Heaven is a space on earth: Friendship and the Book of Ruth

Varsamopoulou, Maria (1996) Heaven is a space on earth: Friendship and the Book of Ruth. MPhil(R) thesis, University of Glasgow.

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Abstract

This thesis seeks to establish that the relationship between Naomi and Ruth in the book of 'Ruth' is one best interpreted - for feminist purposes - as one of 'ideal' friendship. I will show that Naomi and Ruth's friendship is the context within which their agency is expressed and their full humanity illuminated. In order to provide the theoretical criteria for such an interpretation I will be bringing into my reading Aristotle's model of perfect/ideal friendship which he develops in books eight and nine of his Nichomachean Ethics. The resulting dialogue will provide a revision of both Aristotelian theory and modern biblical exegesis of 'Ruth'. The book of 'Ruth' has been interpreted in ways that emphasise extra-textual considerations such as genealogy or divine providence despite the centrality of the women's role in the story. Furthermore, most feminist readings often project modern ideals of womanhood onto the text which equally obscure the subversive potential of the story as one in which female bonding determines plot development. On the other hand, theories of friendship have equally excluded women despite the equally strong presence of such ties in reality and in fiction. Starting with Aristotle and continuing with the Roman and Humanist tradition, I will show that the history of writing on 'ideal' friendship compromises this ideal on three levels. First, the overt exclusion of a female presence as such and with it, any hint of femininity - as traditionally defined and established as a set of 'essential' traits - have produced theories which emphasise a disembodied, rational ideal. Last, the belief in self-sufficiency further marginalises women and compromises the potential of 'ideal' friendship as a basis for an egalitarian society. Both discourses - biblical exegesis and philosophy - will be shown to suffer from androcentric biases which have colluded in preventing an interpretation of Naomi and Ruth's relationship in terms of friendship. My reading will illustrate why the model of friendship these women project re-defines existing androcentric models and provides a more inclusive theory and practice of friendship on which community may be modeled. By shifting the focus of the relationship from kinship to friendship textual nuances take on meanings which support a gynocentric reading and give way to a feminist literary interpretation of the narrative. The interpretative framework throughout the thesis supports a redefining of concepts such as 'virtue', 'good', 'self, 'identity', 'duty', 'freedom', and 'difference', so that they are compatible with a feminist viewpoint and produce a revisionist reading of the book of Ruth in which a utopian vision of community is projected. If Naomi and Ruth's actions are seen to proceed from feminist model of friendship - in its 'ideal' form, non-hierarchical, mutually beneficent and responding to emotional need as well as intellectual engagement - they become alternative models of community not only for women but as a goal for all humanity.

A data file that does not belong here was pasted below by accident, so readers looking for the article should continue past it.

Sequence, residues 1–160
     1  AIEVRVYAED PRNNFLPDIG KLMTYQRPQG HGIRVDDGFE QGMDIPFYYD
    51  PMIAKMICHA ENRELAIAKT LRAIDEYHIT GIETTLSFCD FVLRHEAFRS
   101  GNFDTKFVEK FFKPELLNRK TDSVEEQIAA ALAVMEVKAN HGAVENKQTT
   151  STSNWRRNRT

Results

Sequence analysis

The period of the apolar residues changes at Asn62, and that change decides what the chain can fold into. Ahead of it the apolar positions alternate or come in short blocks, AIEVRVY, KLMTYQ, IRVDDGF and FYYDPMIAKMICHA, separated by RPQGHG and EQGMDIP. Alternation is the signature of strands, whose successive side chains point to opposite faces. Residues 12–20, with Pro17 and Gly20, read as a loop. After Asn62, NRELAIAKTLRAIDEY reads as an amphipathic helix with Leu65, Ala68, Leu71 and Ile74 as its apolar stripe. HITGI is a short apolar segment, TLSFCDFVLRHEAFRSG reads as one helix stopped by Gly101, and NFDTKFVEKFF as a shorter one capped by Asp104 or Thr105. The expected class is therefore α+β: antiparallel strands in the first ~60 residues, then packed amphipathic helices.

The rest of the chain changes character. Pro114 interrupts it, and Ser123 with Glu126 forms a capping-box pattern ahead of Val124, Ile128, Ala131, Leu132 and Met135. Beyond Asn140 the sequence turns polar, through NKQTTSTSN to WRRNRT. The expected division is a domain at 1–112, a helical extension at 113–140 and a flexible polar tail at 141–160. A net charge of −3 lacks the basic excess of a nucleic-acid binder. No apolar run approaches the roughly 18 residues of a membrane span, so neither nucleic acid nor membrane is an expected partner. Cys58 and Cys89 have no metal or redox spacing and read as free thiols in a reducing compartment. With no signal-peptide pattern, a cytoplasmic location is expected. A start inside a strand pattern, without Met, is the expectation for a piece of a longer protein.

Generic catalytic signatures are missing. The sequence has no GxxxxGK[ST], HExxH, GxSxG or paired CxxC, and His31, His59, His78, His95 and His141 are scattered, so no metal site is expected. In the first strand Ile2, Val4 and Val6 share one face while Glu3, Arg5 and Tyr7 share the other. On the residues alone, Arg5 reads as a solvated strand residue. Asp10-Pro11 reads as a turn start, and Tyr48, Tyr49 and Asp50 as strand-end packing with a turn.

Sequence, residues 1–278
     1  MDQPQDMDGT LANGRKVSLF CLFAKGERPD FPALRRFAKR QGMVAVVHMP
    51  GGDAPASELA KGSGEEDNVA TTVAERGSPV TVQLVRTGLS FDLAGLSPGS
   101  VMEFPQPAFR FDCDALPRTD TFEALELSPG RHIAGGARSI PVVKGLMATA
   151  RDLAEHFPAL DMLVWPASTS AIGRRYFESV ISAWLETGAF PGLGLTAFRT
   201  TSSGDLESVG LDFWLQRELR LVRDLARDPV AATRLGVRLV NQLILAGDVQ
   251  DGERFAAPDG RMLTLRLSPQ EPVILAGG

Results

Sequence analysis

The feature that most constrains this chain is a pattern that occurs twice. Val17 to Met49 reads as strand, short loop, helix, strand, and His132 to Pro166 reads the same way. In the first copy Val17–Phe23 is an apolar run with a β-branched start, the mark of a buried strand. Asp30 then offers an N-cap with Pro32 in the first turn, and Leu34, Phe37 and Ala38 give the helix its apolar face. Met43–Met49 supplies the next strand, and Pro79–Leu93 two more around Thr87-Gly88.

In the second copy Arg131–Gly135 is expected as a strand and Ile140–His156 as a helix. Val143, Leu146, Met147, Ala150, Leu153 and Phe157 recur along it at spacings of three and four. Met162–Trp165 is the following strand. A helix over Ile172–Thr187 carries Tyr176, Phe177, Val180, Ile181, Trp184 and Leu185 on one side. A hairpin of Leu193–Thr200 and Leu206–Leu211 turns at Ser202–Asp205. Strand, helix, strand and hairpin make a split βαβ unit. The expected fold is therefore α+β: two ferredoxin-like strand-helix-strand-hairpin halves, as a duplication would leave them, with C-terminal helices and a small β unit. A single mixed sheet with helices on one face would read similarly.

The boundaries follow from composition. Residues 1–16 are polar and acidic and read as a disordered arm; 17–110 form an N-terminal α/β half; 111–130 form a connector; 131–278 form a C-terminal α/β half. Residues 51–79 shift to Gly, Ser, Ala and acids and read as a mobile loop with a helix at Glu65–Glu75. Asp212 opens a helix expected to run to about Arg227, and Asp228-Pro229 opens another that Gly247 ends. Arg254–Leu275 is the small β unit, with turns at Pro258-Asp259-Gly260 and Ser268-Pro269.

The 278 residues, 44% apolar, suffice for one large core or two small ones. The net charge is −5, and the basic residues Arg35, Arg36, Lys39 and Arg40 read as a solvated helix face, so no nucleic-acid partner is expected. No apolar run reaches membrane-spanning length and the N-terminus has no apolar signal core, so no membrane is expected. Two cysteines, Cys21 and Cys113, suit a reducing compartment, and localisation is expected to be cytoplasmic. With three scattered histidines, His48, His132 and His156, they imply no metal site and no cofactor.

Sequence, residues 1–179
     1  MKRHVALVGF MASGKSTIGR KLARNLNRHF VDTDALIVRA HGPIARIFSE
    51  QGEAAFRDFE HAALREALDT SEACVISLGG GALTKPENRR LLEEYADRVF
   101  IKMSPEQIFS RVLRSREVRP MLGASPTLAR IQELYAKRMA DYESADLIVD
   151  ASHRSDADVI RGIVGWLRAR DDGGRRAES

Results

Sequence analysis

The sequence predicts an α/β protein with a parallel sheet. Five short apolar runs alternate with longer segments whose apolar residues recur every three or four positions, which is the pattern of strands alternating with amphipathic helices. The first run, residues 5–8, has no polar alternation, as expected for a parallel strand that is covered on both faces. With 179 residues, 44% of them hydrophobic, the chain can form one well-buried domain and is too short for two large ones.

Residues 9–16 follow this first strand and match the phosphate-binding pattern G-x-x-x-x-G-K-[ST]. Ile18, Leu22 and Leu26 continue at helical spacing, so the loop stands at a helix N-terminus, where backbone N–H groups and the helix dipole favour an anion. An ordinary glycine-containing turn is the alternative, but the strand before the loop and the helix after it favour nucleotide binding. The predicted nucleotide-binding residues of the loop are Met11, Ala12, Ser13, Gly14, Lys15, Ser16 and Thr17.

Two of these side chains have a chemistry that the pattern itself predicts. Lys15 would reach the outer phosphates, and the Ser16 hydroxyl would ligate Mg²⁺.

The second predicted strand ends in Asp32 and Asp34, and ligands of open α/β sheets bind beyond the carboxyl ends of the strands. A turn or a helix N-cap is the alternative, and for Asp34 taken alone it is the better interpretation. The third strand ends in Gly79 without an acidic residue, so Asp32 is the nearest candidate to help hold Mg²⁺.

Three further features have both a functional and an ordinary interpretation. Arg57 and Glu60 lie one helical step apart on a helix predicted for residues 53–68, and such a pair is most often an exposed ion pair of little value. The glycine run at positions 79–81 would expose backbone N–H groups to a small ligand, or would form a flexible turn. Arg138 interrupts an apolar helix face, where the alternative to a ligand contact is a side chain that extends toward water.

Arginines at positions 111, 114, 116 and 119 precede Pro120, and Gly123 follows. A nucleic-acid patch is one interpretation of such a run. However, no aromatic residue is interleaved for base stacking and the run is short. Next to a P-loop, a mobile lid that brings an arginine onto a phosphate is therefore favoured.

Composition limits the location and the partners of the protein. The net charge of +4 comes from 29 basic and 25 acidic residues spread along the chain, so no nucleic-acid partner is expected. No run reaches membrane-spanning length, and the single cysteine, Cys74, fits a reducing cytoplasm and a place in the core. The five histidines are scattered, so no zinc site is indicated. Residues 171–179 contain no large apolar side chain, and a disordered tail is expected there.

Item Type: Thesis (MPhil(R))
Qualification Level: Masters
Additional Information: Adviser: David Jasper
Keywords: Biblical studies
Date of Award: 1996
Depositing User: Enlighten Team
Unique ID: glathesis:1996-71845
Copyright: Copyright of this thesis is held by the author.
Date Deposited: 17 May 2019 09:31
Last Modified: 17 May 2019 09:31
URI: http://theses.gla.ac.uk/id/eprint/71845

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